There’s a feelgood feeling to Falling in Love with Frida [★★★☆☆], a dance/storytelling/physical theatre performance with neon cacti, bright yellow furniture, Mexican music and costumes, red flowers in the performers’ hair – even a shot of tequila given to the audience. Caroline Bowman bubbles over with joie de vivre. But anyone expecting this to be a serious study of the painter Frida Kahlo’s genius and suffering will be disappointed.
This production is more about Caroline’s own journey to overcome her disability as a ‘small person’ as she calls herself, through her art as a performer and to rejoice in her love affair with a ‘tall person’, Susan. But incoherent storytelling leaves the audience confused. It’s not clear at first why there is a third performer. If Susan appears halfway through the story then why is she on stage from the beginning? Frida’s terrible injuries in an accident are only related halfway through, so earlier writhing choreography is mystifying. This wonderfully talented performer needs a director with a cold eye.
Caitlin (★★★★☆) is harrowing physical theatre/dance, a brilliant and overwhelming enactment by Eddie Ladd and Gwyn Emerton of the effects of alcoholism, the life-in-death of Dylan Thomas and his wife, Caitlin. A poet famous for his extraordinary use of language, Dylan is reduced to mouth-popping. The couple fall, writhe and roll on top of each other, walk into walls and become entangled in chairs which increasingly symbolise their helplessness but despite it all, their love for each other. The electronic soundtrack, played live by Sion Orgon sampling tracks from the band Thighpaulsandra, adds to the visceral experience. A Must See show, but only if you are feeling strong enough to take it.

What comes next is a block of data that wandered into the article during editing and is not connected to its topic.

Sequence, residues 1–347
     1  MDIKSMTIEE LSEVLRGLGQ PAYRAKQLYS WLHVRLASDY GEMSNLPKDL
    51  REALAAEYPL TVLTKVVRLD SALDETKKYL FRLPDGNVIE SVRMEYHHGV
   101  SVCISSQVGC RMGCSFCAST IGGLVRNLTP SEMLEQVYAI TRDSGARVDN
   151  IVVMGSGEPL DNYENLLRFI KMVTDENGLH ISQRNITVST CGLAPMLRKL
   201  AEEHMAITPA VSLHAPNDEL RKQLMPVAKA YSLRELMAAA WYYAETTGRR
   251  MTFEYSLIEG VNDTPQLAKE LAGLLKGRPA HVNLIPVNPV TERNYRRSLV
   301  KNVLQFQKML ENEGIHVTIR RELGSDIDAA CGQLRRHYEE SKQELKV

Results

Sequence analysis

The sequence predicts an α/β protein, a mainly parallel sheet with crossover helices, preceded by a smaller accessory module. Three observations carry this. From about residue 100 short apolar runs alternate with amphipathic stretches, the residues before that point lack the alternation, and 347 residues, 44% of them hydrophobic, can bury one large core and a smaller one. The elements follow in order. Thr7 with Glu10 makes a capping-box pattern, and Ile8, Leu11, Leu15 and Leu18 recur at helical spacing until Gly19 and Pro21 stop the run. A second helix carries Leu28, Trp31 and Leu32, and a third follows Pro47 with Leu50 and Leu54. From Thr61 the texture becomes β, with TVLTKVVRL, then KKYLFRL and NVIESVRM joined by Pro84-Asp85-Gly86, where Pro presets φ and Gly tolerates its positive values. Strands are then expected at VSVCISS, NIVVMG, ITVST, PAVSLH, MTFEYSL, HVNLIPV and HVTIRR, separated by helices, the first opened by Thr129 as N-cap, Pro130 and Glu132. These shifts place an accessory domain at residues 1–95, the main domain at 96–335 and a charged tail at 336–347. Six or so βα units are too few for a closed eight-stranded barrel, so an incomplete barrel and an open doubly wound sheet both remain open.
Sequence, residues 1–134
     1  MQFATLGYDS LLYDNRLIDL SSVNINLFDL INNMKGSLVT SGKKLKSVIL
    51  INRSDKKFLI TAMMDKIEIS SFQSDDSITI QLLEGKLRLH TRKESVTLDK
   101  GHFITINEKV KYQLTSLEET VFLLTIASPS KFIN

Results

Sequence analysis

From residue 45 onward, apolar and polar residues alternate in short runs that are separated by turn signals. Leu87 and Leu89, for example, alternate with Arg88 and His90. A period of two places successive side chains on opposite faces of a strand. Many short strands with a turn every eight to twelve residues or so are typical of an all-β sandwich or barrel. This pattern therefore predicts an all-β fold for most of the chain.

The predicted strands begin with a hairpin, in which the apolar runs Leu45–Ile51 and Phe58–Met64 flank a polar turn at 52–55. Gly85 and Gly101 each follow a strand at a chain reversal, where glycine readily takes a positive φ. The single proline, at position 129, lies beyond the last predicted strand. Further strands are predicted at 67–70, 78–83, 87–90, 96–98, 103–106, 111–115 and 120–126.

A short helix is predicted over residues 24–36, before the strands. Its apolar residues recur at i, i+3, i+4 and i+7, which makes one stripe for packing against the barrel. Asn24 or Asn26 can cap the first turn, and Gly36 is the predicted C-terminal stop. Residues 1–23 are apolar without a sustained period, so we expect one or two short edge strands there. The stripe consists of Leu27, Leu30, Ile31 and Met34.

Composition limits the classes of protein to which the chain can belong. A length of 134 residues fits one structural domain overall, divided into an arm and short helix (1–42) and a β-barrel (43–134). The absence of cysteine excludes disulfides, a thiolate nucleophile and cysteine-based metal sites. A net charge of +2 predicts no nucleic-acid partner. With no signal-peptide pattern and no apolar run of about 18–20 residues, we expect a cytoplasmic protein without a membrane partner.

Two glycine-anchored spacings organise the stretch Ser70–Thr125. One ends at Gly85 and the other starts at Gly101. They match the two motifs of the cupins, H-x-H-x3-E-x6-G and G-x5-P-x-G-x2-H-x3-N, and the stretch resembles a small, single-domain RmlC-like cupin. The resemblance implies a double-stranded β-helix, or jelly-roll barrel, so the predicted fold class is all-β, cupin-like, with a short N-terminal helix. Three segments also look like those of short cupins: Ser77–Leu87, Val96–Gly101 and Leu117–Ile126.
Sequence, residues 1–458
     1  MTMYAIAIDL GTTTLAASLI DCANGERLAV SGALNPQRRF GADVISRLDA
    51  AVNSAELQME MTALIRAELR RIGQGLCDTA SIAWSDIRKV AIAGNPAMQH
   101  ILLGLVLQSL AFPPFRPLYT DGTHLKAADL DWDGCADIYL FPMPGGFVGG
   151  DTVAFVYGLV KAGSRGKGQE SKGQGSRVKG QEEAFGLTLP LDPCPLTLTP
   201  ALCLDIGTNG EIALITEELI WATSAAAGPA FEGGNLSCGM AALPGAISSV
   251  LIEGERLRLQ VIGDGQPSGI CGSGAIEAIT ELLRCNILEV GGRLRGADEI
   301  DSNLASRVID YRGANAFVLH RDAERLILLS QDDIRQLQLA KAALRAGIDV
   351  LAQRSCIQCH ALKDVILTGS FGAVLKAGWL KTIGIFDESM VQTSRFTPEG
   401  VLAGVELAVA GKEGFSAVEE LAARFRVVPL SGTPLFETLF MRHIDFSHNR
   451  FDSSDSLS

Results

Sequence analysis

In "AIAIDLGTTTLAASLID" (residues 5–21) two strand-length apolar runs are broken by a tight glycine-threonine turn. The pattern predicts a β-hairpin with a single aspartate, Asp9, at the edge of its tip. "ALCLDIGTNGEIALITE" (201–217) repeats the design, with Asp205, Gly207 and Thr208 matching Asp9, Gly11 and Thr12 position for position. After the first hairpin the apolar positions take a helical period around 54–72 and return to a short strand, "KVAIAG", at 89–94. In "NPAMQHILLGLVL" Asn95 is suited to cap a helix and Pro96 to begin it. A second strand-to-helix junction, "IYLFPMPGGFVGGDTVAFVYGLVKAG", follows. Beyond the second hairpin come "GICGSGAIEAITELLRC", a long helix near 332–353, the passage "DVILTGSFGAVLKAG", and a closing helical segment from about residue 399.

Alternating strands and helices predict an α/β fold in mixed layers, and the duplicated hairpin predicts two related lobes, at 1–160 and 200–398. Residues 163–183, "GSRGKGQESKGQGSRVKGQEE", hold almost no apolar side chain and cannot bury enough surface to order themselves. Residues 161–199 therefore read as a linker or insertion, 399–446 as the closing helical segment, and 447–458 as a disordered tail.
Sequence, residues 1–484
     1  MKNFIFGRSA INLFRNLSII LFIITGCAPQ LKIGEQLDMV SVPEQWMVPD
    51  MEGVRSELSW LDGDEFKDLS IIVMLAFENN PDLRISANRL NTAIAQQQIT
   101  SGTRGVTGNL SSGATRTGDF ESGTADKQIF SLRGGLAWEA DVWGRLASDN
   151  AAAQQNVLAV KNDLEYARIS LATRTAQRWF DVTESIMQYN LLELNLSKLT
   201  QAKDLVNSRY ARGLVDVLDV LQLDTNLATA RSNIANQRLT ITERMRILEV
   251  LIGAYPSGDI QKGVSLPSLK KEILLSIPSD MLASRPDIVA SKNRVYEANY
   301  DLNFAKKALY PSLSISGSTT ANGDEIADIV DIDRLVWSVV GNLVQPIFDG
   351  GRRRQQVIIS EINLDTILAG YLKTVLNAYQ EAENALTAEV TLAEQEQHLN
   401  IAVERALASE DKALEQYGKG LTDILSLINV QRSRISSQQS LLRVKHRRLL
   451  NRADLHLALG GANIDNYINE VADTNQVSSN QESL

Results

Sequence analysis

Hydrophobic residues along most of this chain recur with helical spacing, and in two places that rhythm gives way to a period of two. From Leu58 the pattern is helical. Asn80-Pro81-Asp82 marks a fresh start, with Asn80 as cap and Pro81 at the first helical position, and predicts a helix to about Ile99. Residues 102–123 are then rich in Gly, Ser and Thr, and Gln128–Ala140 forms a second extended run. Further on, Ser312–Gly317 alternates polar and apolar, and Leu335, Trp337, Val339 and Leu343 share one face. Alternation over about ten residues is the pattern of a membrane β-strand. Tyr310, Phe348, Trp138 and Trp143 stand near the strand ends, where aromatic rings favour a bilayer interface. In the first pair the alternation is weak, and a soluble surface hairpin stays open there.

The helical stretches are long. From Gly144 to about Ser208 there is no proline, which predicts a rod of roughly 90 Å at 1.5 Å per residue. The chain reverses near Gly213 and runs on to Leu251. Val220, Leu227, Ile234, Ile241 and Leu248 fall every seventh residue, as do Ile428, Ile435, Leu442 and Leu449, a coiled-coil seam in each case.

Plan B for Utopia (★★★★☆) is a beautifully constructed show: laugh out loud, serious, profoundly silly, and a joy from start to finish. John Kendall and Solène Weinachter are not only emotionally insightful dancers but also skilled actors and comedians. Weinachter instantly builds a rapport with the audience that most stand-up comedians would give their arm for.
There is real excitement in seeing artists going for the most ridiculously ambitious topic – Utopia: our longings and wishes for ourselves and for each other – and being able to pull it off. The mix of words and dance enhance each other superbly. A particular two minute dance from Weinachter creates an effect that is the equivalent of a whole Beckett play.
Despite the topic, the show is hilarious – and honest. It presents no easy answers, but the conclusion is bittersweet rather than sad. This thoughtful and perceptive show will haunt you for days.